And by the time Willie Fraser was summoned, the Blue Jays led, 6-1, and were on their way to their first victory in seven games against the Angels.
Fraser didn’t exactly restore order. Fernandez took second on a passed ball and scored on Bell’s single off the glove of shortstop Dick Schofield. Pat Borders singled to right, and Lee hit a ground-rule double that scored Bell to make it 8-1.
Toronto, which sent 10 batters to the plate, left the bases loaded.
“I think everyone knew we hadn’t beaten them this year,” Toronto Manager Cito Gaston said. “We didn’t talk about it, but we all knew it. This time, we got good pitching, good hitting and good defense.”
It was good enough for a victory.
Tony Armas, who has been on the disabled list since May 16 with a strained left hamstring, was reinstated Monday and outfielder Dante Bichette was optioned to triple-A affiliate Edmonton. Bichette, whose surprising numbers this spring (.388 with four homers and 14 RBIs) convinced Manager Doug Rader to include him on the 24-man, opening-day roster, had only one hit in his last 16 at-bats and his average had slipped to .195. Bichette said he had been anticipating the move for “two or three weeks,” but that didn’t seem to lessen the blow. “I guess it’s for the best,” he said.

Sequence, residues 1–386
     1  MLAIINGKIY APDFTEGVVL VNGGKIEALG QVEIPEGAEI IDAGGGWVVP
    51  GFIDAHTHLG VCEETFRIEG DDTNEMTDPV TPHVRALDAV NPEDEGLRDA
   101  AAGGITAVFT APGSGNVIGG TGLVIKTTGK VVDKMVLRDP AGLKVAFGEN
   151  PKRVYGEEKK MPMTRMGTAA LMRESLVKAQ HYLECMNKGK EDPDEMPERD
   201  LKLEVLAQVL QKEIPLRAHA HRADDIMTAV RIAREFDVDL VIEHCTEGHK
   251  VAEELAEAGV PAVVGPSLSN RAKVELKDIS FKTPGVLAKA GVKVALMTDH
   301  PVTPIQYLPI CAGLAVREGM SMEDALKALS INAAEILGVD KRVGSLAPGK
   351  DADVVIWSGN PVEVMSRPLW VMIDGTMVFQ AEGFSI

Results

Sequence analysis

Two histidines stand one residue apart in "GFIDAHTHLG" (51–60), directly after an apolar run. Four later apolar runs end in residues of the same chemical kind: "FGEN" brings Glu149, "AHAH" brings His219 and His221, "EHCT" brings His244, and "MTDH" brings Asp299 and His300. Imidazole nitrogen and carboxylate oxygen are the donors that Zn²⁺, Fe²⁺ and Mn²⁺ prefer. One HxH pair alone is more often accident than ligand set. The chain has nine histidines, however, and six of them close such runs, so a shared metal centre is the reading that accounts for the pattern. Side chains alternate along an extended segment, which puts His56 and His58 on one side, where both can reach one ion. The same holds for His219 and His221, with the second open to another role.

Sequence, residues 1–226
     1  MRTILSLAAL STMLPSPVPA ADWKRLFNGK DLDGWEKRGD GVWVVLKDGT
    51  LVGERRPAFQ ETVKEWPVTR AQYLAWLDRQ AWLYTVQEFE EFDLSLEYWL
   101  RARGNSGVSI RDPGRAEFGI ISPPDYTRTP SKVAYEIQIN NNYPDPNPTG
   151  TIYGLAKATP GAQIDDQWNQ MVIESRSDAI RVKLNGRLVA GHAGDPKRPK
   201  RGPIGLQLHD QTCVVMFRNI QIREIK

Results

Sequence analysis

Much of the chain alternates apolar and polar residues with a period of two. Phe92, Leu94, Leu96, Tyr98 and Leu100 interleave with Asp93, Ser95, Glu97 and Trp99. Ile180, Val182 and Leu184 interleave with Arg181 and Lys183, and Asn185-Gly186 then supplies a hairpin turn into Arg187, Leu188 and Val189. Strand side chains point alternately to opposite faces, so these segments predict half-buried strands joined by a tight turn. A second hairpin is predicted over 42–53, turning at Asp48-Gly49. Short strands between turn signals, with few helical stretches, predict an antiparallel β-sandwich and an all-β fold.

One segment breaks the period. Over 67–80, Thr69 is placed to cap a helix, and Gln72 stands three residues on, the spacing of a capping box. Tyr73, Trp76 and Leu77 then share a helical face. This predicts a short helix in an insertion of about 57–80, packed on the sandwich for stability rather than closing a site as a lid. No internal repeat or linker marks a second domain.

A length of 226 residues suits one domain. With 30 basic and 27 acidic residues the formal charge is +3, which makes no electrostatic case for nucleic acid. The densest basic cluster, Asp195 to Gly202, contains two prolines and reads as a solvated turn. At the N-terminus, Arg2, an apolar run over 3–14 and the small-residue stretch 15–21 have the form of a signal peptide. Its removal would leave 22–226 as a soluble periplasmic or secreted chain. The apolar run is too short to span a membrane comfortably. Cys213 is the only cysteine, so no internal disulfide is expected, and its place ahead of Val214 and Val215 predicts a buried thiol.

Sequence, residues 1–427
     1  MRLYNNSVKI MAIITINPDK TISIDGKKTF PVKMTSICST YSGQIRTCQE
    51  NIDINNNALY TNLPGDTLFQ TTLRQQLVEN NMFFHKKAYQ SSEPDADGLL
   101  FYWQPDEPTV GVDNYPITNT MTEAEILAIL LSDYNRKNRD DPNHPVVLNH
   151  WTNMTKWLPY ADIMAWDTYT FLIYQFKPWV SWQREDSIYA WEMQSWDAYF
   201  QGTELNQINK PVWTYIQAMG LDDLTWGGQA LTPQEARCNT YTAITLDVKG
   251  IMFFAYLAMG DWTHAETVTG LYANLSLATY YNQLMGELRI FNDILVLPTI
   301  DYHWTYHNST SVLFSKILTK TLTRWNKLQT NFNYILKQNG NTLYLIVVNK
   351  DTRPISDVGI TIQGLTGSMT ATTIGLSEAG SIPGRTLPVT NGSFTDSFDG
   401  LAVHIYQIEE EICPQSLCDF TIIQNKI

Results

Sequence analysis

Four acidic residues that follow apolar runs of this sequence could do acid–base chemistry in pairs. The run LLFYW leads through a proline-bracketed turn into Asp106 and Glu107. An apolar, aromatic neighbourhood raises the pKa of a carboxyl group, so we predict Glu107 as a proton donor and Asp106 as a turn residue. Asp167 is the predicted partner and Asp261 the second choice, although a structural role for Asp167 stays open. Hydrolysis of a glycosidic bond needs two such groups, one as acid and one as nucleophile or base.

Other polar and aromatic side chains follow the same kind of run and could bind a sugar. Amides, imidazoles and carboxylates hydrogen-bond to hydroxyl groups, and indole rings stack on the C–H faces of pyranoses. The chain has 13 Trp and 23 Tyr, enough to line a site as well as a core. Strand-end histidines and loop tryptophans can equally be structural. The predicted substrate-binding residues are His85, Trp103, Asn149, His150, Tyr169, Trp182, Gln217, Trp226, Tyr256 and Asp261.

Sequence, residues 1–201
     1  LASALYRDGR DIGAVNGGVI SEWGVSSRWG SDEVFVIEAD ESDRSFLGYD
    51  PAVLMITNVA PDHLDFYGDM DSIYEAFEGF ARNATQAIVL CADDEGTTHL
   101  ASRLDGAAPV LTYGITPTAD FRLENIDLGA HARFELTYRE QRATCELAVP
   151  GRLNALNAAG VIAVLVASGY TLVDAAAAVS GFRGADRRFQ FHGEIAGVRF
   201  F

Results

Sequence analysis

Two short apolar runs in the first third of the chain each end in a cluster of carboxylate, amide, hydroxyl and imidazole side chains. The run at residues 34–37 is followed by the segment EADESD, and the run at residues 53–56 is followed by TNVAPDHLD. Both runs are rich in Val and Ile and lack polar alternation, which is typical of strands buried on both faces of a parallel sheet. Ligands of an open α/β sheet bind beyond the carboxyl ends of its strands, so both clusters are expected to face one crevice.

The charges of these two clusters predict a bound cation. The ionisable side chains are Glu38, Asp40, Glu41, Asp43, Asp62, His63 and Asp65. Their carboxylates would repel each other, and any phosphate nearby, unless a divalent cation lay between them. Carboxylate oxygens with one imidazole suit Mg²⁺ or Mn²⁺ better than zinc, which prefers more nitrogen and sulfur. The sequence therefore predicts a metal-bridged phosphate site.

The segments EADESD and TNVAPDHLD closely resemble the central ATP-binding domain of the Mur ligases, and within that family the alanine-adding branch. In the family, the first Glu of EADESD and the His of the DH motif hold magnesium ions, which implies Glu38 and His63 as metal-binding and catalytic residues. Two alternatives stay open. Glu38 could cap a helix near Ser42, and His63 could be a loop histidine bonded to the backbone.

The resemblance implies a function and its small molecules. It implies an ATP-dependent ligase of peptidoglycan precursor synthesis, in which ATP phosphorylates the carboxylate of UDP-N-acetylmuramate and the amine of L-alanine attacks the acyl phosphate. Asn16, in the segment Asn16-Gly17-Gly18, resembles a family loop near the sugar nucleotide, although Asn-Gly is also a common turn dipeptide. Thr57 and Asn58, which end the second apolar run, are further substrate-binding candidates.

Rader said that a number of factors--not the least of which is Claudell Washington’s success against left-handed pitching--have diminished Bichette’s playing time. “We originally thought that if we could get Dante 200 to 250 at-bats, being up here would be a bigger plus than having him play every day in triple-A,” Rader said. “But I don’t see how in the world we can get him that many in this situation. He’s way out of sync at the plate and the only thing you can forecast is more of the same. And that’s counter productive. Now, if we have to press him into service because of an injury, he’ll be better prepared.” . . . Armas said he feels good but doesn’t want to play first base anymore because “I stretch or pull a muscle on every play.” He needn’t worry. “Tony’s reflexes aren’t suited to first base,” Rader said. “We’re going to keep him out in the patch (outfield) from now on.”